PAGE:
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Tenants are of three types:

(1) Occupancy tenants;

(2) Tenants-at-will and

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(3) Sub-tenants.

1. Occupancy Tenants:

Such tenants en­joy permanent and heritable rights on land. They have security of tenure. They can often claim com­pensation from the landlord for any important change effected on the land (such as spread of irri­gation facilities or application of chemical ferti­lisers).

2. Tenants-at-will:

In contrast, tenant-at- will does not have security of tenure and can be evicted from land whenever the landowner so de­sires.

3. Sub-tenants:

The position of sub-tenants is similar to those of tenants-at-will. However, there is one difference between them and tenants-at-will. While the latter are appointed by the landlords, sub-tenants are appointed by the occupancy ten­ants.

Before independence, the practice of culti­vate by tenants became widely prevalent. Most tenants were exploited in various ways. In order to stop the exploitation of the tenants (the actual till­ers of the soil) and pass on the ownership of land to them various land reform measures were intro­duced in the post independence period.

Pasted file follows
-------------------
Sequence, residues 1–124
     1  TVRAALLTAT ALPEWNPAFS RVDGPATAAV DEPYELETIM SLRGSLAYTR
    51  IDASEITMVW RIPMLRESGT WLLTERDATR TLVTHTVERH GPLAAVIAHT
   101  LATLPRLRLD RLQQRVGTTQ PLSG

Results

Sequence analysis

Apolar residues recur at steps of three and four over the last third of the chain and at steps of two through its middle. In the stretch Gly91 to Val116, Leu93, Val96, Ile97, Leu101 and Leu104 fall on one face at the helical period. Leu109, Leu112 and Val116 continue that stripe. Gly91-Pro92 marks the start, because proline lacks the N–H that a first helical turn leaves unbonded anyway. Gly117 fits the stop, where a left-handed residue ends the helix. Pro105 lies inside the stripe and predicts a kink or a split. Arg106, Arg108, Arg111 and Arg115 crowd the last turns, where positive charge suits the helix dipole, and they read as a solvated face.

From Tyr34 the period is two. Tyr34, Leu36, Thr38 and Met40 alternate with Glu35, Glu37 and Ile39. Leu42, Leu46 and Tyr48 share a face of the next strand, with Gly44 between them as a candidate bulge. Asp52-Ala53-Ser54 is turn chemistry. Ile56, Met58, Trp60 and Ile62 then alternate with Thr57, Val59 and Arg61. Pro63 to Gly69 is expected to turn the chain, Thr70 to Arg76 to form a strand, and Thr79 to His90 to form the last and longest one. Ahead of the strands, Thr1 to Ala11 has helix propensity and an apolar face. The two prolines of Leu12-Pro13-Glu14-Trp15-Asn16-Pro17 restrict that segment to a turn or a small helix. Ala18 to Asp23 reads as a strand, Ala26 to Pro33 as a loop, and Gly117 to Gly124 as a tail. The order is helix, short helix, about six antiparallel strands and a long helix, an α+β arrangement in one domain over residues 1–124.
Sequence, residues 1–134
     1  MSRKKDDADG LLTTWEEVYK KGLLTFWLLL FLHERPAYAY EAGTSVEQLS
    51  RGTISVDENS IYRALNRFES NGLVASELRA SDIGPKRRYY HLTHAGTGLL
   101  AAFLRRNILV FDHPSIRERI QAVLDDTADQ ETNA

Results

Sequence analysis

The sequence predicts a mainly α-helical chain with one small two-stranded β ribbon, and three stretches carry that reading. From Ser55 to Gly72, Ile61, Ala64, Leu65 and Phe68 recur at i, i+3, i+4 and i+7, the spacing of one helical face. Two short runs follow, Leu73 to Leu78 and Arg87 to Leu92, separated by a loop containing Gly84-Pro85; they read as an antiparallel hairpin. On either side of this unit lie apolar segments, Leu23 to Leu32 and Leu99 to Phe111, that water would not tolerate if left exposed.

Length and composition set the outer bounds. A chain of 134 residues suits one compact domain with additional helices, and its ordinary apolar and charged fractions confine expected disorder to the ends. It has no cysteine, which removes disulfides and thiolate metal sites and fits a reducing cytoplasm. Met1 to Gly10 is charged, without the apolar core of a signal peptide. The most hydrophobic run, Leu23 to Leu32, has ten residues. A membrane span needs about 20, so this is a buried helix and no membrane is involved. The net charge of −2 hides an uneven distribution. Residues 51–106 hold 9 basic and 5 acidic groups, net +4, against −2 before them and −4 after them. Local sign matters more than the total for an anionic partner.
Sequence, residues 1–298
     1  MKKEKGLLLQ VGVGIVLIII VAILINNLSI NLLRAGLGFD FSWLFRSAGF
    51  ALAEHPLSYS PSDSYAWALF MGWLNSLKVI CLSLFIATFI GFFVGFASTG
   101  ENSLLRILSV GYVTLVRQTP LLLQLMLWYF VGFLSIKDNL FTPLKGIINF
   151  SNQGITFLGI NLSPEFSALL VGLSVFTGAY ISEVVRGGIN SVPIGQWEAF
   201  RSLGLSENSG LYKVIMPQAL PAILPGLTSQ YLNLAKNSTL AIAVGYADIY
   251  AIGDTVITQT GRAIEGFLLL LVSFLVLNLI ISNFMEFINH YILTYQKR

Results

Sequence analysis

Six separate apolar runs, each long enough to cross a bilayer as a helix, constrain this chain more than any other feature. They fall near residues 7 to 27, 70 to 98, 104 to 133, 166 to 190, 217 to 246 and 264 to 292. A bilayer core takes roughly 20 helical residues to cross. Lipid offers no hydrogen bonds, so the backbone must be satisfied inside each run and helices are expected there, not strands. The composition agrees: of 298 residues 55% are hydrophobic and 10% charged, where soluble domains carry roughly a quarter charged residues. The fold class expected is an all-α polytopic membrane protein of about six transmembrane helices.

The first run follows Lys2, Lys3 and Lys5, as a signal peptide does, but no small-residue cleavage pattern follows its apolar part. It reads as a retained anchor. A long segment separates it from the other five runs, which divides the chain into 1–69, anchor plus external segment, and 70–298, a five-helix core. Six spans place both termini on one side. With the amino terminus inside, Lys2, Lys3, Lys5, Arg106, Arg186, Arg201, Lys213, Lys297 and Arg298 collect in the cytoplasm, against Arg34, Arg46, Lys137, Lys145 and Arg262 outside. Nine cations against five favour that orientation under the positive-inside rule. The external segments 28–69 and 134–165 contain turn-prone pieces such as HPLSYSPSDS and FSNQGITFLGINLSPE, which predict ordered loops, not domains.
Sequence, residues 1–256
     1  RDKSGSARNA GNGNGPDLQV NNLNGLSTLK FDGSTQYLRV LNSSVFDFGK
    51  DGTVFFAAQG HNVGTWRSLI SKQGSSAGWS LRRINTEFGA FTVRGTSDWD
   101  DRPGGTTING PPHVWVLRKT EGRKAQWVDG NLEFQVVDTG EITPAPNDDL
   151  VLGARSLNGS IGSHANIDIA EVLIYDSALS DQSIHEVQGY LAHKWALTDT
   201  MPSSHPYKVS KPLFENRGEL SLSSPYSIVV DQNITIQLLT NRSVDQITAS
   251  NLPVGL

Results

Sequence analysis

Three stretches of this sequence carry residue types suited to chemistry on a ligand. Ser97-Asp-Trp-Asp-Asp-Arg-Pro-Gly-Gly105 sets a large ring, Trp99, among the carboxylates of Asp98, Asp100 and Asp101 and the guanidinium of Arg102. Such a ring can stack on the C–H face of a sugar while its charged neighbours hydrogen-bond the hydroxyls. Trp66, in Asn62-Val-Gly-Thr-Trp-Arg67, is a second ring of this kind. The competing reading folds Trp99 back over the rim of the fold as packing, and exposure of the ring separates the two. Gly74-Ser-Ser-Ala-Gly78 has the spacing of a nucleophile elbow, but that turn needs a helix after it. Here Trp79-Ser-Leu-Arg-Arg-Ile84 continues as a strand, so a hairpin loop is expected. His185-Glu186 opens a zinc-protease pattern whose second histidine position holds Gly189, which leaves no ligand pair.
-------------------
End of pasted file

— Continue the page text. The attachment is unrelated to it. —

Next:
Two main objective such reforms are:

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(1) abolition of inter­mediaries and

(2) tenancy reforms.

Tenancy reforms include three important measures:

(1) Regulation of rent (or fixation of fair rent);

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(2) Ensuring security of tenure (so that ten­ants cannot be evicted at will);

(3) Giving owner­ship rights to tenants.

Type # 3. Co-Operative Farming:

Co-operative farming was introduced in In­dia to solve the problem created by sub-division of holdings. The idea is that farmers having small holdings join heads and pool their land for the purpose of cultivation. In India, 78% of holdings are below two hectares and 32.2% of total oper­ated area is under them. Cultivation of such small farmers is not profitable. At most they can provide a means of subsistence to the farmers.

However, if small and marginal farmers pool their land re­source, implements etc. and cultivate big plots of land jointly they can derive the benefits of large- scale farming. This is the whole idea behind co­operative farming. Various recommendations have been made during India’s first three five year plans to encourage co-operative farming.